by Thomas Stewart
By now, there can be little doubt that knowledge and information, the basic elements of intellectual capital, are valuable corporate commodities. Fortune editor Thomas Stewart is the journalist of record on IC; he has been following its development since 1991. In this book, Stewart introduces IC, offers a taxonomy for organizing it and successfully makes the case for managing it.
We can think of IC as being made up of human capital, structural capital and customer capital, suggests Stewart. Human capital is the sum total of the knowledge that resides in a company's employees. Structural capital is the value of the infrastructure by which that knowledge is transferred. Customer capital is the value of a company's relationships with customers.
IC is a fledgling discipline, and some fuzzy thinking is associated with it. The author suggests, for example, that a company's "true value" is its market value, and that the difference between a company's market value and the book value of its tangible assets comprises the value of its intellectual capital. Such assumptions ignore a myriad of other components of market value, such as bull markets and takeover rumors.
Stewart's Intellectual Capital (Doubleday, $27) may well prove to be the seminal book on the topic. It is compellingly argued and very well-written. Read it as the best introduction to this new management concept.
Managing by Values
by Ken Blanchard and Michael O'Connor
A new Ken Blanchard production pops up at least once a year. His latest entry, co-authored with values guru Michael O'Connor and whipped into shape by writer Jim Ballard, is a slim volume on corporate mission and values.
Like One Minute Manager and Raving Fans, this book contains a novella-length story that reduces the establishment and maintenance of mission and values to its essence. In this case, that means a three-phase process defined as clarifying, communicating and aligning.
Phase 1, the clarification of mission and values, is a definition stage. Blanchard describes this as a top-down process, starting with the CEO. However, it is not a dictatorial process. Eventually, everyone connected with the company, including outside stakeholders, is consulted.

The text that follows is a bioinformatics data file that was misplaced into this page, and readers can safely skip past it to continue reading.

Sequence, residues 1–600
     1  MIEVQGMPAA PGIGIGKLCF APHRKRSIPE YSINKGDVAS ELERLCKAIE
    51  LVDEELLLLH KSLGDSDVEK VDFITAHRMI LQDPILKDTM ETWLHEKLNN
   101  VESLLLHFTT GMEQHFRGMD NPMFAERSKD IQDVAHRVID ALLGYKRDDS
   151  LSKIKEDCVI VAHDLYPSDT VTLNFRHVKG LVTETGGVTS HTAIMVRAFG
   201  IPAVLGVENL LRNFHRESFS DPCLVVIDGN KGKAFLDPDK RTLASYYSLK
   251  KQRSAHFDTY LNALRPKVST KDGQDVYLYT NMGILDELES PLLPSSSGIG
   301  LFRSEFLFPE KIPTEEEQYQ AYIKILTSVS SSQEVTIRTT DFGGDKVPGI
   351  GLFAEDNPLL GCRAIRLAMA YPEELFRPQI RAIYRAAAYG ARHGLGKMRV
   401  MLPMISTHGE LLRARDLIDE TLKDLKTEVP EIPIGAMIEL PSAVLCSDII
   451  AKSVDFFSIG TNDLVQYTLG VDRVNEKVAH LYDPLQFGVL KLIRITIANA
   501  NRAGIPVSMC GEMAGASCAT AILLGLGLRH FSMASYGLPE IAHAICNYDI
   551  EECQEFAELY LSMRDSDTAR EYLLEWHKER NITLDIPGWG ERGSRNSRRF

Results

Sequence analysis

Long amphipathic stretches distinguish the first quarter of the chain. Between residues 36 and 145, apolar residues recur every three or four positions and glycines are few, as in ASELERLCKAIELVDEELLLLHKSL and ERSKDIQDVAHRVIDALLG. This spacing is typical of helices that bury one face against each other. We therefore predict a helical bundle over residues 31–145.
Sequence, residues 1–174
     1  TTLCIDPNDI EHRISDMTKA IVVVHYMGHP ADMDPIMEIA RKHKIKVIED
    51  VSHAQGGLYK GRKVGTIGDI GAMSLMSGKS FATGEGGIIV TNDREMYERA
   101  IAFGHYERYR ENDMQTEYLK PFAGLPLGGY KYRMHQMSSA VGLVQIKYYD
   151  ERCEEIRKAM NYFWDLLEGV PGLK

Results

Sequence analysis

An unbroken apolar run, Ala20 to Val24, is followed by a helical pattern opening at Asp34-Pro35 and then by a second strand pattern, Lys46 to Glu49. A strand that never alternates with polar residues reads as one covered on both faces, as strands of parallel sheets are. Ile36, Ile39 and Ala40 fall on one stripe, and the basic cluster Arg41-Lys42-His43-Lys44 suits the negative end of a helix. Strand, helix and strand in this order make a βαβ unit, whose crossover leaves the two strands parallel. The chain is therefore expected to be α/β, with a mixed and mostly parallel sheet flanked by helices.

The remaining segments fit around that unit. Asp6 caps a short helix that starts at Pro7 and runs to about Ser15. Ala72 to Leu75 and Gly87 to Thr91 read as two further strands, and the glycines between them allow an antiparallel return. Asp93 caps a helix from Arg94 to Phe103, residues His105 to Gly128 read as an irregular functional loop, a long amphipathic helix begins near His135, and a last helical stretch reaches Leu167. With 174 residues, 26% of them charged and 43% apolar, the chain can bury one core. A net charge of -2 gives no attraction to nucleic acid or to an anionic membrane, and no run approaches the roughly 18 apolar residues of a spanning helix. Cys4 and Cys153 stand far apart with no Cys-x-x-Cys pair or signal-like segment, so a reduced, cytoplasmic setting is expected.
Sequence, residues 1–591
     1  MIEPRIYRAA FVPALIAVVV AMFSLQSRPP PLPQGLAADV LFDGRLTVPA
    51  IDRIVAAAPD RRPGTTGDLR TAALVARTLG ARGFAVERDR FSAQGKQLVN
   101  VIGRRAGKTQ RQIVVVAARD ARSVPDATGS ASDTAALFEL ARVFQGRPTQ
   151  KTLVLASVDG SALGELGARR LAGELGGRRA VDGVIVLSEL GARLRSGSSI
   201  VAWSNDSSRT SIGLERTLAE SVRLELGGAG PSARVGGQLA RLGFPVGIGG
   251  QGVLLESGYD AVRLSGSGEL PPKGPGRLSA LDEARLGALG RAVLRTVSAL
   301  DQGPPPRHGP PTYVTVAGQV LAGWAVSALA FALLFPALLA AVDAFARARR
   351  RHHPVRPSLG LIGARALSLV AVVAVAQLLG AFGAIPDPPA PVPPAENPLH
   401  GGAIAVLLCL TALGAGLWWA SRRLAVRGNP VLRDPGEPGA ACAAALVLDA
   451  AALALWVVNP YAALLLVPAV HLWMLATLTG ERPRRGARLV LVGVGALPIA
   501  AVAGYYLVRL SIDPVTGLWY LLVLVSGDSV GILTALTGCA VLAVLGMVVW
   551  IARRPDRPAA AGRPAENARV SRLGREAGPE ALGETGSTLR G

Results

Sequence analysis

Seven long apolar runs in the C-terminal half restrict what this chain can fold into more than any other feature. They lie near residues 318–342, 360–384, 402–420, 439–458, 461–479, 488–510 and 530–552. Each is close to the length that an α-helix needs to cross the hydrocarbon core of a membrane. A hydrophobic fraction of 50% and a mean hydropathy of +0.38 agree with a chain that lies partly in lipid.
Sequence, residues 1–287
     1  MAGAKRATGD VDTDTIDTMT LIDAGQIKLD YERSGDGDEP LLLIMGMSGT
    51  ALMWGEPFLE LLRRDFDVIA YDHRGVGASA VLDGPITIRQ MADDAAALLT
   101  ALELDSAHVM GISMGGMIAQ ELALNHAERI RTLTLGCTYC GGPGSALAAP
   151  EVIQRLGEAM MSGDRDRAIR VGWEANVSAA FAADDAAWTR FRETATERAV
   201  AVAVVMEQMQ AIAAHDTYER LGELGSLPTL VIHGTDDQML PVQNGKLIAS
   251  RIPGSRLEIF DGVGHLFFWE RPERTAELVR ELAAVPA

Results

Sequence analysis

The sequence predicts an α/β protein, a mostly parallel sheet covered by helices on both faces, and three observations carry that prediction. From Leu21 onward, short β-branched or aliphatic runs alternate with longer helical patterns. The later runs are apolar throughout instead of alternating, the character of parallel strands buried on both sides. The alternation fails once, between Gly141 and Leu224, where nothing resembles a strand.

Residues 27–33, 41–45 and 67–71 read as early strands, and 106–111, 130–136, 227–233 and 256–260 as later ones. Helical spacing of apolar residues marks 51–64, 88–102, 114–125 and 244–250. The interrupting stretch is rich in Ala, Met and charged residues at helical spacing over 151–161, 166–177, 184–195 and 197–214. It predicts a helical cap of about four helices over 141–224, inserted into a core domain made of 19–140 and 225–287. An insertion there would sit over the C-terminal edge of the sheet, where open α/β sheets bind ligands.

Phase 2, communicating mission and values, is a roll-out stage. Here, the mission and values are proclaimed throughout the company, and expectations regarding their application are shared. It is the "talk" before the "walk."
In the final phase, the company's daily practices are aligned with mission and values. This is when companies are required to walk their talk.
The shape and format of a Blanchard book no longer comes as much of a surprise. Blanchard has found a style that works and, with a notable exception or two, sticks with it. What is surprising is the consistent usefulness and effectiveness of these slim tomes. Managing by Values (Berrett-Koehler, $20) is no exception to the rule.
The Customer Is CEO
by Forler Massnick
The customer has a special place in the discipline of total quality -- customer focus is a foundation stone of TQM. But even the most committed quality pro may find Forler Massnick's The Customer Is CEO too fanatic about the subject.
The author rightly places the customer at the center of every business. He also suggests that the customer can actually replace the CEO as a company's leader. There may be some convoluted logic to this statement, but the metaphor (the customer is like the CEO) can only be pushed so far. And every reader should be able to readily identify customers they would not want in control of their organization.
Massnick also makes a point of his book's lean approach -- no wasted words, no lengthy explanations. But, in many instances, the book suffers for it. This is particularly evident in Part Two, where a half-dozen concepts, such as the learning organization, quality and reengineering, are described in short five- to six-page chapters. In each case, the mere addition of the "customer" seems to be the magic missing ingredient for success.
The appendixes, which are all reprints of previously published material, are redundant at best. Is another appearance of Deming's 14 Points and Seven Deadly Diseases and the Baldrige Award criteria useful to business book readers? And, surely, many who have tried to gain the attention of U.S. auto dealers by filling out one of their customer satisfaction surveys will question the inclusion of a generic dealer survey in Appendix F.
It's hard to argue with any book that advocates an intense and unwavering focus on customers. Obviously, this is a critical success factor in today's company. But it is just as hard to recommend The Customer Is CEO (AMACOM, $27.95), which adds little, if anything, to this already well-documented subject.